A Bisl Torah

Etchings of your Heart

This week I attended an in-person shloshim. While it is powerful hearing someone say “Amen” to your prayers, it is equally as powerful listening to the story of the deceased, letting their soul touch yours. We come to the house of the mourner offering comfort and yet, forget about the magic in absorbing someone else’s life. I experienced that magic in hearing about Homa.

I learned how Homa would sneak out of her home in Iran to work because it was rare for a woman to have a job outside the home. I smiled when I heard about her love story with her then, boyfriend, later, husband. They were neighbors; secretly dating between the two floors of the house in which they both resided. As most marriages were arranged, their love shook the neighborhood. But Homa wasn’t deterred.

Her vivaciousness and independence shone brightly in a world that desperately wanted to hold her back. And yet, Homa continued forward.

Bahram, her son, closed with the following: the Wednesday evening before Nowruz, the Persian New Year is a celebration called, “Chaharshanbe Suri”. Translated, this means, “Festival of Fire”. The ritual involves mini-bonfires, with a ceremonious “jumping over” the fire to thwart off negativity and bad luck in the coming year. It is an evening that focuses on light, healing and new beginnings. In her final days, Homa insisted on celebrating Chaharshanbe Suri. Her children knew it was pointless trying to convince her otherwise. So, there was Homa, walker and all, jumping over the bonfires. Not once, but twice. A woman with failing sight, grasping life until the very end.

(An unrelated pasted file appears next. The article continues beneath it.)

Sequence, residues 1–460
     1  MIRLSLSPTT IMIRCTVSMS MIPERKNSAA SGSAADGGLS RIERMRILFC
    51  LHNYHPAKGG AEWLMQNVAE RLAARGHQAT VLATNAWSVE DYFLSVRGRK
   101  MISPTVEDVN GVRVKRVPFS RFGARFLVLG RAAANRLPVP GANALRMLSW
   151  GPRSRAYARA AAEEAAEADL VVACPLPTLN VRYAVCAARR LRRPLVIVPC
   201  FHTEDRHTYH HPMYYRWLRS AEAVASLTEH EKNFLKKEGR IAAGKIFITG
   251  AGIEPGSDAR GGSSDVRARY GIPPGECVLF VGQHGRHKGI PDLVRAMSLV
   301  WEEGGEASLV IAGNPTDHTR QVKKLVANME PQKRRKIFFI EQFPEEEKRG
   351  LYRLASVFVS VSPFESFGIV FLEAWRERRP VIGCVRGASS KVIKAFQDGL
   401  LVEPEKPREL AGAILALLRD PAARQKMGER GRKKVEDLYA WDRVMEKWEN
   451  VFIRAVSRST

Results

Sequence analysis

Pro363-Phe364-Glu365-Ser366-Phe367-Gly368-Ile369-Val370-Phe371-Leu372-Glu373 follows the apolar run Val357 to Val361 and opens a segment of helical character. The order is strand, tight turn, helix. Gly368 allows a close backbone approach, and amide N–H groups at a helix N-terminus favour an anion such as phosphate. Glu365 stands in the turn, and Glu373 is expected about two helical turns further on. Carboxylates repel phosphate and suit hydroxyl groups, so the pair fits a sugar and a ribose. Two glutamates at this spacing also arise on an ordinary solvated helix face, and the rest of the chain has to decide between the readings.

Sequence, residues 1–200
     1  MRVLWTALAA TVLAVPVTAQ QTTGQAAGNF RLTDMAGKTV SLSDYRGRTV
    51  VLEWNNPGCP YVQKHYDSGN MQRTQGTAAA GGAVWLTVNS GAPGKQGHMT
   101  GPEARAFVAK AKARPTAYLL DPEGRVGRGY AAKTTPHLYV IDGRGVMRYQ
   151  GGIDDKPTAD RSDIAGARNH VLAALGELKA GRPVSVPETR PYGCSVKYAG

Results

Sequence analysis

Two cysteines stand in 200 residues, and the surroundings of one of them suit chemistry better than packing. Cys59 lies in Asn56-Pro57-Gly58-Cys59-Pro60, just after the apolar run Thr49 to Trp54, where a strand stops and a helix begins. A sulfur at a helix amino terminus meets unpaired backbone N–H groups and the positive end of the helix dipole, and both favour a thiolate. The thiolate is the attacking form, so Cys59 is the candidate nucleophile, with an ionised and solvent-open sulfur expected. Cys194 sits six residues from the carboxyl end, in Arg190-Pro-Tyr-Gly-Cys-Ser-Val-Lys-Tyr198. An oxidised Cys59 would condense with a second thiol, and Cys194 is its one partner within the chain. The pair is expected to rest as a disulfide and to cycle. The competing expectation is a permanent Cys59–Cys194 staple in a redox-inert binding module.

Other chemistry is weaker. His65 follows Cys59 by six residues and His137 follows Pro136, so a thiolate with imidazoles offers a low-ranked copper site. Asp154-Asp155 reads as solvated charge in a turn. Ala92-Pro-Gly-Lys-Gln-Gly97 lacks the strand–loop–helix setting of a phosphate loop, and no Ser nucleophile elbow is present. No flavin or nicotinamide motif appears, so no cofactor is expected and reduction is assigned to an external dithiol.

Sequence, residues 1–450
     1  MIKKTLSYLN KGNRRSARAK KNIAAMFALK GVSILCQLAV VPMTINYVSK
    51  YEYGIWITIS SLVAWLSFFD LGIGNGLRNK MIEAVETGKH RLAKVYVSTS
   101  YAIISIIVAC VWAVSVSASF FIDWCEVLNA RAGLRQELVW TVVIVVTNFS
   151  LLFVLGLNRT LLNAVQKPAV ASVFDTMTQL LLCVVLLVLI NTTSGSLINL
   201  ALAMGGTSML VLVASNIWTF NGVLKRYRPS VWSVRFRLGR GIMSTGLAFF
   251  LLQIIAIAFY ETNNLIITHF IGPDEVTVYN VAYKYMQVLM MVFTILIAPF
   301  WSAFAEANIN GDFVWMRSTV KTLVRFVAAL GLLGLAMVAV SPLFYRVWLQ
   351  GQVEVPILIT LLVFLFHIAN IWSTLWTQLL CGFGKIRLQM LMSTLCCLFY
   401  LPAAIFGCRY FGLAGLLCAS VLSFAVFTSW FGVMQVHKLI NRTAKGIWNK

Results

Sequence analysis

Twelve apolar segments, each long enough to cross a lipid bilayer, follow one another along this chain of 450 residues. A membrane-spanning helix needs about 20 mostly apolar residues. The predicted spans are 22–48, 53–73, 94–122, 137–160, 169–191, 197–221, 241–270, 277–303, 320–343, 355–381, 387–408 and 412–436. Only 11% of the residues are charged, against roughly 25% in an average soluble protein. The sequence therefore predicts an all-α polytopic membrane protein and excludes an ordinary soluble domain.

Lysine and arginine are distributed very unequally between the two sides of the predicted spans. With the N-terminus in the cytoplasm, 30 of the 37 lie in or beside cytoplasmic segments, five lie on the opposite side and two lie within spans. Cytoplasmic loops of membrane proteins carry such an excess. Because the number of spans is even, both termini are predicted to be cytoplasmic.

In the Torah reading, the word “chok” is used to signify a law or rule. Chok also comes from the word “to engrave.” That Torah should be engraved on our hearts, shaping our very beings, building our essence through its verses, values, stories, and lessons. And so too, a human being’s story has the power to engrave our hearts, changing our spirit in the mere listening of how they chose to live their life.

Homa, your story is engraved in mine. I will jump over fires while others choose to sit still. I will lead a life of independence, vibrancy, light and love.

Notice the etchings of your heart. Remember how your story is shaped: letting memories build the foundation of your spirit.

Shabbat Shalom

In partnership with The Jewish Journal, Rabbi Guzik’s blog post can also be found HERE.

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